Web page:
In civics class, we are taught a few lessons about the American criminal justice system: the accused is innocent until proven guilty in a court of law, has the right to a court-appointed attorney if the accused wishes not to pay for his or her own, has a right to a trial by a jury of his or her peers, and jurors can only convict the accused if there is a lack of reasonable doubt in their minds. We are told that the accused is guaranteed a fair and speedy trial. We are told the burden of proof falls on the state; the accused only has to provide reasonable doubt (meaning the accused ‘probably’ did not commit the crime). We are to believe that an individual who is innocent would rarely (if ever) be wrongfully convicted because our criminal justice system is about finding the truth and rendering justice.

What the civics classes usually fail to mention is that regardless of the fact that jurors are supposed to consider the accused innocent until proven guilty, it is human nature to assume the worst of someone who is accused of committing a heinous crime. Jurors come with their own biases and world views and may find it difficult to suppress their inclinations and deal with the facts of the case. The civics lesson also usually fails to point out that if the accused chooses to go with a court-appointed lawyer, he or she will not be as likely to have an as aggressive and competent advocate as the state will. If the accused makes the wise decision to pay for his or her own defense, he or she can expect to spend his or her entire life’s savings (and perhaps the life’s savings of other friends and family members) just to have competent representation. Even if the accused has the means to pay for such a competent lawyer, there are no guarantees that he or she will be found not guilty regardless of the evidence or whether or not the accused committed the crime. And if the jury finds the defendant not guilty, then what? Sure, he or she is technically cleared of the crime but he or she still has to pay all the legal fees for his or her lawyer and the fact that he or she was ever charged will remain on his or her criminal record. » Read more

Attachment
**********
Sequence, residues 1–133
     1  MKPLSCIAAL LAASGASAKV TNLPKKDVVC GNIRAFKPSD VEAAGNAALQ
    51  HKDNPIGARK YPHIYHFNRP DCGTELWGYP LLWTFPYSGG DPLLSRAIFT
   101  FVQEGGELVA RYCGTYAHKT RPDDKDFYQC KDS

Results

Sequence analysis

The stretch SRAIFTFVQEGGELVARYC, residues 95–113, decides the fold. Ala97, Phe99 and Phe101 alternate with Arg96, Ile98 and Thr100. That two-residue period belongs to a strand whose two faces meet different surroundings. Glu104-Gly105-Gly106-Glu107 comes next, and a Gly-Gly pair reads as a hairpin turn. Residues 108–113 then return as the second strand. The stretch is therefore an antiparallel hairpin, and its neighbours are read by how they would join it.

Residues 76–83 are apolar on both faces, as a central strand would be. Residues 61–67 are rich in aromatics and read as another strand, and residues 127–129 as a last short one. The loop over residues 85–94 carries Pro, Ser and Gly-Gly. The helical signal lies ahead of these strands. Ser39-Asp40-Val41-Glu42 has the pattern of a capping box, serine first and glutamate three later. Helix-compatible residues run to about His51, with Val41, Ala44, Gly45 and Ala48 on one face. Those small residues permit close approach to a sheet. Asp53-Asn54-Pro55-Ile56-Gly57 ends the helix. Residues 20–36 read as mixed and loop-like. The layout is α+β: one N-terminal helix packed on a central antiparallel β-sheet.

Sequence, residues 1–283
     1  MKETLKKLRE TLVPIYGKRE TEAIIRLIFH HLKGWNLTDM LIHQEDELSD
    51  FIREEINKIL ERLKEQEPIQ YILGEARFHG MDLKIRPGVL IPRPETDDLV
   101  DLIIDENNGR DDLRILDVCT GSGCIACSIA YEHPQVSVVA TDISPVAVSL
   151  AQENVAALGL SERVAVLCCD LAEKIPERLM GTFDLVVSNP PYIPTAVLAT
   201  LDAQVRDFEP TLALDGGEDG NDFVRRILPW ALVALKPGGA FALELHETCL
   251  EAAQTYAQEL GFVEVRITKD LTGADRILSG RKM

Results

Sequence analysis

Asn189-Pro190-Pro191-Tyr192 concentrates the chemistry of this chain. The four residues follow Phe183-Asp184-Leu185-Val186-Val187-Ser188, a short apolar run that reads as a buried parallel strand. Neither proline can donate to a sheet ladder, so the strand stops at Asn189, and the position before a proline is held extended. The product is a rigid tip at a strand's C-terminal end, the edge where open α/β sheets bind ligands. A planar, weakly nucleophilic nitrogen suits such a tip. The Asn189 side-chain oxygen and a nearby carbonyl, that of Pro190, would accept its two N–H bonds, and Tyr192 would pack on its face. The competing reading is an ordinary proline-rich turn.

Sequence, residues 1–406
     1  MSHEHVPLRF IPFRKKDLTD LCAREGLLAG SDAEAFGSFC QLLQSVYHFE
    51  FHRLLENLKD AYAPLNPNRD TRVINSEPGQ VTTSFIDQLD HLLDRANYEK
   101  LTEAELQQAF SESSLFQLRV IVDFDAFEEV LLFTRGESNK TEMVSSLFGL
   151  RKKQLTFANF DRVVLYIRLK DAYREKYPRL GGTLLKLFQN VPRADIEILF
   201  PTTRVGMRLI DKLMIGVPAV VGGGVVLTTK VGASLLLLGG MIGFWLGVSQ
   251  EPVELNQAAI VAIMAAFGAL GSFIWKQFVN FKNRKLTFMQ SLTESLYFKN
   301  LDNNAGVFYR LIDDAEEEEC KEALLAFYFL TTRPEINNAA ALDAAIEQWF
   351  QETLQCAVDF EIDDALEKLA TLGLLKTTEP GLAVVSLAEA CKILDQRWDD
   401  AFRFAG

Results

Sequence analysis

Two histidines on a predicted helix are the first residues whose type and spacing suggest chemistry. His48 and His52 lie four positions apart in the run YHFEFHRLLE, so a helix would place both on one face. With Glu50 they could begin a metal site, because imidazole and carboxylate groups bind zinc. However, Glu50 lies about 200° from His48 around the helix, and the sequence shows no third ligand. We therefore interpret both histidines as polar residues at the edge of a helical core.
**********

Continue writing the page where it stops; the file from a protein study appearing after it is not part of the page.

Put Your Money Where Your Mouth Is — The Innocence Project

[To skip my blather and go straight to The Liberty Papers’ page at the Innocence Project, go here.]

It’s been said before that a conservative is simply a liberal who’s been mugged, and that a libertarian is a conservative who’s been mugged — by his own government.

I know that for me, it wasn’t *exactly* that, but not far off. I spent a good portion of my life as a bit of a law-and-order conservative — or given that I was never on board with social conservatism, a law-and-order libertarian. What has really changed my outlook as I’ve delved deeper into the world of politics is that I’ve lost faith in the government’s ability to fairly and responsibly exercise even these powers. I’ve completely lost faith in the death penalty, because while time can never be restored, it’s a lot easier to free a wrongfully convicted live man than a dead one. I do believe that our government in America, as screwed up as it is, generally is willing to correct judicial system errors when beaten over the head with them.

But who is going to beat them over the head? The convicted are not a naturally sympathetic interest group. The “law-and-order” crowd will typically give the benefit of the doubt to the law-and-order crowd. There aren’t a lot of people who are going to stand up for a convicted rapist or convicted murderer. And it’s not as if proclaiming one’s innocence is something only the innocent do, so it can be tough to determine which convict is worth fighting for.

But none of that changes the fact that the government wrongfully convicts innocent people, and that justice demands that someone stand up for them. That someone is the Innocence Project: